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April 19, 2016

Finding Non-Edible Ways to Nourish Ourselves without Derailing our Health.

eating cupcake dessert

Ten years ago, I earned a living as a professional pie and cookie taster.

After midnight when everyone in my household was fast asleep and I felt lonely, restless or bored, instead of journaling about my feelings or having a candle-lit bath or reading a good book, I’d head to the fridge to snack on something unhealthy with too much sugar and bad fats. Probably a cookie or a pie.

Why? Because it was there. It was easy. It was a habit I couldn’t break. And because, I didn’t know it yet, but I was addicted to sugar. And afterward, lo and behold, I’d still feel lonely, restless or bored. And I’d also feel feel guilty for having snacked again after midnight.

In our culture, unhealthy, snacky “comfort” food is often our go-to whenever we feel uncomfortable emotions. We use quick snacks as a substitute for emotional nourishment. What this means is that we snack not out of physical hunger but out of emotional hunger: hunger for love, for connection, for fulfillment or for pleasure.

The problem with emotional eating is that it’s never truly nourishing. One reason is the food we usually snack on is not nutrient-dense, whole food, which leaves our bodies feeling worse off than before. Another reason is our bodies feel deeply dissatisfied because it’s not truly possible to fill an emotional need with food.

As a health coach, many clients turn to me, seeking help around emotional eating.

I help brainstorm healthier alternatives that can provide pleasure and satisfaction instead of defaulting to the unhealthy habit of emotional eating. I suggest finding a way to get what they want without resorting to this type of self-sabotaging behavior.

To do this, I help them come up with non-edible, nourishing ways to meet their emotional needs or cravings. I call this idea the Personal Nourishment Menu. It’s called a “menu” because there are many options from which to choose. This creates a strong sense of empowerment because one is not limited in one’s options.

For example, everything listed on my own Personal Nourishment Menu satisfies a craving for pleasure, relaxation, adventure or sweetness in my life. This started with me recognizing that I deserve to experience pleasure. I deserve to relax. I deserve to have adventures. I deserve sweetness. It took many years of deep soul work for me to embody these realizations.

My Personal Nourishment Menu now includes: massage, a shower, warm clothes out of the dryer, deep conversation, dance, yoga, meditation, reading, journaling and hanging out with my six-year-old daughter.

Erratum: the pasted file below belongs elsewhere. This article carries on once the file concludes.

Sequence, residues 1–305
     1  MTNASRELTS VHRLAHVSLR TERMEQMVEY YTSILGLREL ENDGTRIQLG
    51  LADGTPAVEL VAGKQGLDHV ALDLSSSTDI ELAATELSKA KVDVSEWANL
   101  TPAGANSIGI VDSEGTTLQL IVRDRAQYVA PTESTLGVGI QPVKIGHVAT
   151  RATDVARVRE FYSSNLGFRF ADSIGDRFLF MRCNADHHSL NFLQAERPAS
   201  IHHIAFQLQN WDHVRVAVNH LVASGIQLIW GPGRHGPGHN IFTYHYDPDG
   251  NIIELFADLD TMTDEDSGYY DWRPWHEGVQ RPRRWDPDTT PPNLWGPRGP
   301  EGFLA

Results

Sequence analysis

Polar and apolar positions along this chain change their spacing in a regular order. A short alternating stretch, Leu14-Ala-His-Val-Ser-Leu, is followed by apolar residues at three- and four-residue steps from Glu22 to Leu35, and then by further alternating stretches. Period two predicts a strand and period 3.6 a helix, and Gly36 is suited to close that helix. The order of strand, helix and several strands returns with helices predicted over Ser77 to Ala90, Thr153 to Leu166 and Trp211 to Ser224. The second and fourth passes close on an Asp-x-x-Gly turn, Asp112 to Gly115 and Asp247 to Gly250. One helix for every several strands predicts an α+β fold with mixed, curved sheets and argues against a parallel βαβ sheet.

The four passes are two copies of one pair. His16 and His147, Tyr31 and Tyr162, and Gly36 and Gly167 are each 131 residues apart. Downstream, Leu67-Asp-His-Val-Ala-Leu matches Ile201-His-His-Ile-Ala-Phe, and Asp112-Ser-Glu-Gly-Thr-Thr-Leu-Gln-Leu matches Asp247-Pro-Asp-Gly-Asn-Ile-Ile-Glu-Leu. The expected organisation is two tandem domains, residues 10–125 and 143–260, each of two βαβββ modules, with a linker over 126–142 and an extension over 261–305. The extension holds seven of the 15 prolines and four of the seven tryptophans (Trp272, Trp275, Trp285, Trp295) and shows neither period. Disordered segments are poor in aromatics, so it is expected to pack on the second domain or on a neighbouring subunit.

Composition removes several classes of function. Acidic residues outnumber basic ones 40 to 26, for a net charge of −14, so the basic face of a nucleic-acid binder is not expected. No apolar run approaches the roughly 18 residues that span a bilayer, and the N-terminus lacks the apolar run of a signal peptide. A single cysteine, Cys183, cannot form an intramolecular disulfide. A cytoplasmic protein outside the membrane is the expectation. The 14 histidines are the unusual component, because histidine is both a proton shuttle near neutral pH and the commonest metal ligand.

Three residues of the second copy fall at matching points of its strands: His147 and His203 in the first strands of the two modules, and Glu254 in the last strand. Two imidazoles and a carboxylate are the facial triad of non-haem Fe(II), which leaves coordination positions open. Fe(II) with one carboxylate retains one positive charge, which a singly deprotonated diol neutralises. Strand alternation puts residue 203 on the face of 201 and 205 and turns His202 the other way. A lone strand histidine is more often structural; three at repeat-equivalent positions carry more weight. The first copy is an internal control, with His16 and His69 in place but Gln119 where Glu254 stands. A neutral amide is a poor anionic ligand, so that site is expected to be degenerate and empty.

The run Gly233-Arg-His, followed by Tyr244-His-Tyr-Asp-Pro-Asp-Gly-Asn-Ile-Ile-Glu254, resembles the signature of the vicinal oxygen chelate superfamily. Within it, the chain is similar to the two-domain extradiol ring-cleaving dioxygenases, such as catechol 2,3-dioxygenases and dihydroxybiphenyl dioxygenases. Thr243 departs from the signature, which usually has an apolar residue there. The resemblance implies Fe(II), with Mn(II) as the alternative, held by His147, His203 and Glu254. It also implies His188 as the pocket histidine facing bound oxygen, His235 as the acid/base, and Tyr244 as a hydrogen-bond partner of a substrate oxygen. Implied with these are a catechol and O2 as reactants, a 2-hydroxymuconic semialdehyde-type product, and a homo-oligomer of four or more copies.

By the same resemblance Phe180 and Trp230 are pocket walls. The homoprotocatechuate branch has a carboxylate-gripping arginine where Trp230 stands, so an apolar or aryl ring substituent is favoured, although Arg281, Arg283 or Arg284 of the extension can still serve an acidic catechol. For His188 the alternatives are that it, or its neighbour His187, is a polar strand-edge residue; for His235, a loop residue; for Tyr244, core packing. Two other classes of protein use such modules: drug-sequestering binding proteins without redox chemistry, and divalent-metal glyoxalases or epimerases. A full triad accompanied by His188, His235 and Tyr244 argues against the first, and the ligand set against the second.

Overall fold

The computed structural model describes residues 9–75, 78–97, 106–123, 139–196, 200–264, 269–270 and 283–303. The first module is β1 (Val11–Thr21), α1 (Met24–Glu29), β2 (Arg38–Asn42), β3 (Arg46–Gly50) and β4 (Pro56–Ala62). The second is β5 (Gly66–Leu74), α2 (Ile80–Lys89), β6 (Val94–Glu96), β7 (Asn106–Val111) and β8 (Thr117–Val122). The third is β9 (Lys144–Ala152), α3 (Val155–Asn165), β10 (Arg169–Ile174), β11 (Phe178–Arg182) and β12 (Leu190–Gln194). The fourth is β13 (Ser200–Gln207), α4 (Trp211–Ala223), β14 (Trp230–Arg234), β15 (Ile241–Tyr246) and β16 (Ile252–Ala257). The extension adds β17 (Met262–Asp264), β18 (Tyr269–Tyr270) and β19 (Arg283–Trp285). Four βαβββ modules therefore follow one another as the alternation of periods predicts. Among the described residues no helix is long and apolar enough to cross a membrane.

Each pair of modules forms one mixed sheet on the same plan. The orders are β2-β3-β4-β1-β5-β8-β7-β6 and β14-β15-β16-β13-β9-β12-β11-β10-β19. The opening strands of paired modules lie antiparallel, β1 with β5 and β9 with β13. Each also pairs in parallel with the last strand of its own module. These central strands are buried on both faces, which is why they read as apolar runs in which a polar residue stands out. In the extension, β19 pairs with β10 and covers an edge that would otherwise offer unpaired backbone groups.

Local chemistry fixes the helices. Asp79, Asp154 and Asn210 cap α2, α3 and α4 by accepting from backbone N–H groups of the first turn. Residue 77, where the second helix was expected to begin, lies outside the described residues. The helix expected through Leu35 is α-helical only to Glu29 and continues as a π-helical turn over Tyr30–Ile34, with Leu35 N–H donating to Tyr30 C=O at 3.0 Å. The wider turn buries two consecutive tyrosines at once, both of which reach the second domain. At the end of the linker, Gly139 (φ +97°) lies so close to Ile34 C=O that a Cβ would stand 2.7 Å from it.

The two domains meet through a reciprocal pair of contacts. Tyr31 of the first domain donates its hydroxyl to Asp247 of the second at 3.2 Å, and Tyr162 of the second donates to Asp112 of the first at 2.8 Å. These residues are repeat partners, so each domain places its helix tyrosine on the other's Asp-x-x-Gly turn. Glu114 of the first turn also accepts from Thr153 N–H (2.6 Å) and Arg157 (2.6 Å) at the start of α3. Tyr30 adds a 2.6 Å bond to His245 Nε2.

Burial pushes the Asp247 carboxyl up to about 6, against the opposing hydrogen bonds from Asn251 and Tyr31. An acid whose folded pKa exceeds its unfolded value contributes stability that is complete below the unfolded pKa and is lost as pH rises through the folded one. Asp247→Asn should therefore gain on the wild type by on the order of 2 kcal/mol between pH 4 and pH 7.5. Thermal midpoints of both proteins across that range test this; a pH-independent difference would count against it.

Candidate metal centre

Most people have default ways of coping that are not healthy. And the reason people turn to destructive behaviors in the first place is for lack of what they perceive as better options. Unfortunately, the best option from a list of destructive options is still destructive.

I call this an impoverished menu of choice. If we only have one or two ways to react in a moment of frustration, we are likely to feel stuck. If we add three, four or 10 choices to the menu, it starts to feel a lot better. Then, we are more able to make choices that have us feeling truly nourished.

So, nowadays, when I tune into my emotions and recognize (because it begins with awareness) that what I’m really craving is personal nourishment (not sugar) instead of turning to an unhealthy snack to avoid feelings of discomfort, I turn to my menu that I’ve written down on a piece of paper and stuck on my fridge. I scan my menu and decide, in the moment, which choice will satisfy what I’m really craving and give myself the gift of that instead.

The main objective of this menu is for me to have supportive choices on hand rather than destructive, default choices. And it’s especially beneficial to have this enriching, non-edible menu when I’m low-resourced like tired, stressed, frustrated or grumpy because that’s when it’s easiest to default to bad habits.

I had sweet proof of this recently when my daughter came up with this strategy all by herself after whining for a quite a while. My reaction was not one of my prettier “mama moments.” I snapped. I couldn’t take it. The whining was relentless; it was worse than nails on a chalkboard.

But then my daughter taught me a most valuable lesson.

Here’s the scenario:

“Argh! Why do you keep whining when you know it doesn’t work?”

“Mama, I’m sorry. Maybe I just need to run around or something.”

“That’s an idea. How about we play tag outside?”

“Okay, Mama.”

(20 minutes later)

“Mama, it worked! I feel better now and I’m not whining! Maybe we should write it down so we don’t forget that playing tag helps me not be grumpy.”

“That’s so helpful love! Thanks for suggesting that. Can we think of some other ideas that we can add to the what-to-do-when-you’re-whining menu?”

“Sure, Mama. I’ll draw pictures for the ideas too in case it’s an emergency grumpy explosion and we don’t have time to read each word because pictures are faster, right?”

And that’s exactly what she did. She drew pictures and came up with eight healthier alternatives to whining, all by herself.

She wrote: “When whining: run, move, swings, play tag, trampoline jumping, puzzle, laugh and tickles.

I was humbled. Apparently she’s got health coaching in her blood.

 

Author: Stacey Morgenstern

Editor: Catherine Monkman

Photo: Amelia Wells/Flickr 

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Stacey Morgenstern